So for my last weekend before school starts, I’m going to try and shuffle my follows and followers a bit to better suit these multiple accounts, and then the floodgates will open and I’ll see how I do with this new approach to using Twitter. As I have said throughout this post, I’m looking forward to it. I want to use Twitter effectively, to communicate with people meaningfully, and I think in order to do that, I need to sharpen my thoughts more than I have.. And for your interest, here they are:

marklukach

@marklukach. This is my first account, and the one I will likely use the most. It will be the one that reflects my thoughts, habits, and overall life. It is through this account that I have made many good friends, and I hope to continue to do so. From here I will post when I update my blog, create new videos, all that good stuff.

mrlukach

@mrlukach. This will be my teacher account. I’m siked to try and expand this one, and to be able to strategically connect with teachers. Teachers on Twitter are a funny crowd. They can go totally overboard in posting links to new lesson plans, articles, etc with like 30 posts a day, and can also be totally snobby about who they follow. “I want no personal details!” seems to be a mantra of many teachers. With this in mind, I think @mrlukach should work relatively well. It’s also pretty witty to create a teacher account for Mr. Lukach, no?

stoked

@stoked. I’m trying to replace my favorite hashtag, #stoked, with an actual account, @stoked. This is blatant use of Dom’s book, reflecting some of his accounts like @surf and @work. I’m hoping that other Twitter users will find @stoked as a place to share Peter Pan-esque happy thoughts. And I mean look at that avatar.

oceanbeach

@oceanbeach. I adore Ocean Beach, live very close to it, and reflect upon its mystery and rhythms quite a bit. This account will be suited for my surf and ocean obsession, where I will try to post not just surf reports, but general reports on the beach. Is it a good day for a walk on the beach, or is the blowing sand going to ruin it, are sharks running wild? You catch my drift.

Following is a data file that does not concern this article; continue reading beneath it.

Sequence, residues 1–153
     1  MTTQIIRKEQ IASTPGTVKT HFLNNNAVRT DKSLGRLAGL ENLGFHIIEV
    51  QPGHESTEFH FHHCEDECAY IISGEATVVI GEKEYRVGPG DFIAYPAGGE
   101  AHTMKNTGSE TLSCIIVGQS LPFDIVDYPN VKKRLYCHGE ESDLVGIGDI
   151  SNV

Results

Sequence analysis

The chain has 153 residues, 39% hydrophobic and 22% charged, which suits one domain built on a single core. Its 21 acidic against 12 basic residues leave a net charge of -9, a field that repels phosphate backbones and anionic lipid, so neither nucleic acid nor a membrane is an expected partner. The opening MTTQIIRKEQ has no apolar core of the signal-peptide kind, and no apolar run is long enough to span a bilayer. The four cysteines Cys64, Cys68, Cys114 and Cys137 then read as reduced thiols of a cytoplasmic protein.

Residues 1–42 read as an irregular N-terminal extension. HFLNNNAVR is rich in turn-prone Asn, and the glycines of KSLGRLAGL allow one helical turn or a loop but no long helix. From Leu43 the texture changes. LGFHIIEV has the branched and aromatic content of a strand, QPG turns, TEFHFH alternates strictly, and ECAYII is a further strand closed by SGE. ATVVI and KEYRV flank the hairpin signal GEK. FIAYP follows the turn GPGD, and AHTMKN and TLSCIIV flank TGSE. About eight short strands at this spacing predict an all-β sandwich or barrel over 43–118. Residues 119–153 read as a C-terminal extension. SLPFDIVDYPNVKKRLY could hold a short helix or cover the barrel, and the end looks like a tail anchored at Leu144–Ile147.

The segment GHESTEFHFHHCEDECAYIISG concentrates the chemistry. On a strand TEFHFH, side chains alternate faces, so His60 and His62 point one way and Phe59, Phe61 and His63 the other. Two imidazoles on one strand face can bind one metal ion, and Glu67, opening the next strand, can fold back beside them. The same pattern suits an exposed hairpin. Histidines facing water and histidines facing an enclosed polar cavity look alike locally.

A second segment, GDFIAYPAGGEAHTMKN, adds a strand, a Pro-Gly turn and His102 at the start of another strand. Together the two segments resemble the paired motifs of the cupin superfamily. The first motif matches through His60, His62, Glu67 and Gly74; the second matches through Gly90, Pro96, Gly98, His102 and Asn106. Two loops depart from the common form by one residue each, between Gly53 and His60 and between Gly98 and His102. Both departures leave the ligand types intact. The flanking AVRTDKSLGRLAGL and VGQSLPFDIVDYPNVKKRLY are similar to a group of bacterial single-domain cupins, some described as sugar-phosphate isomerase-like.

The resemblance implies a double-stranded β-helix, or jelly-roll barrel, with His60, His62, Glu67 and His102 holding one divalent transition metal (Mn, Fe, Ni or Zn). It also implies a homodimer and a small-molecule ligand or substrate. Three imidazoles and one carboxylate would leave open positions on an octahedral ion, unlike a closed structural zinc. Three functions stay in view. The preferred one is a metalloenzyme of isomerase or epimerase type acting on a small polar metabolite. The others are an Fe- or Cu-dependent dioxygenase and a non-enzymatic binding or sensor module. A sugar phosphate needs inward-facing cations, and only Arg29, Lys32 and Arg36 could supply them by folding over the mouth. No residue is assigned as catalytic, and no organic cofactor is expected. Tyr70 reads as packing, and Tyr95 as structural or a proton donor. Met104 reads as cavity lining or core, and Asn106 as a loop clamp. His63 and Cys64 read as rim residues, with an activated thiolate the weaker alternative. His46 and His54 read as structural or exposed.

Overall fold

augustusbulldog

@augustusbulldog. This account has been around for a while, and is a place where I can indulge my obsession with my 10 month old bulldog, Augustus, with other crazy dog people. I tend to post a lot of pictures of the little bastard up here. Truth is, I don’t really engage people on this account much, more just post stuff about the dog. Although I’m a crazy dog person, crazy dog people kinda scare me.

daraja

@daraja. This was the 2nd Twitter account I created, many months ago, but it has been under-nourished. It’s the account for the Daraja Academy of Kenya, the all-girls school in Kenya for which I am a board member. This account will be how I can try and connect Daraja to the rest of the world through social media. Now that Tweetie’s up and running, I plan on being much more active with this account, and trying to network more effectively.

lastminutepress

@lastminutepress. This account is for the school newspaper that I will be monitoring for this coming school year. It will be collectively updated by me and by the student staff members that write for the paper. I think that this could be a fun account since it will be a group effort.

I hope to see you online, through one of (or many of) these accounts. Tootles.

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Responses

  1. Great post. Not sure if I am ready to compartmentalize myself just yet, but you gave me a lot to think about.

    Thanks.

  2. Echoing Jabiz on this one. And I have to say, I’m #stoked to see @stoked up and running. Great call!

  3. Well, I am @stokes, so I guess today’s might not be the only misdirected tweet I get from you. However, to figure that out, I had to come to your blog and read down through three entries, and it was time well spent. Maybe I will even bookmark you now.

  4. […] Haraka Haina Baraka: How I Learned to Stop Worrying and Love Tweetie […]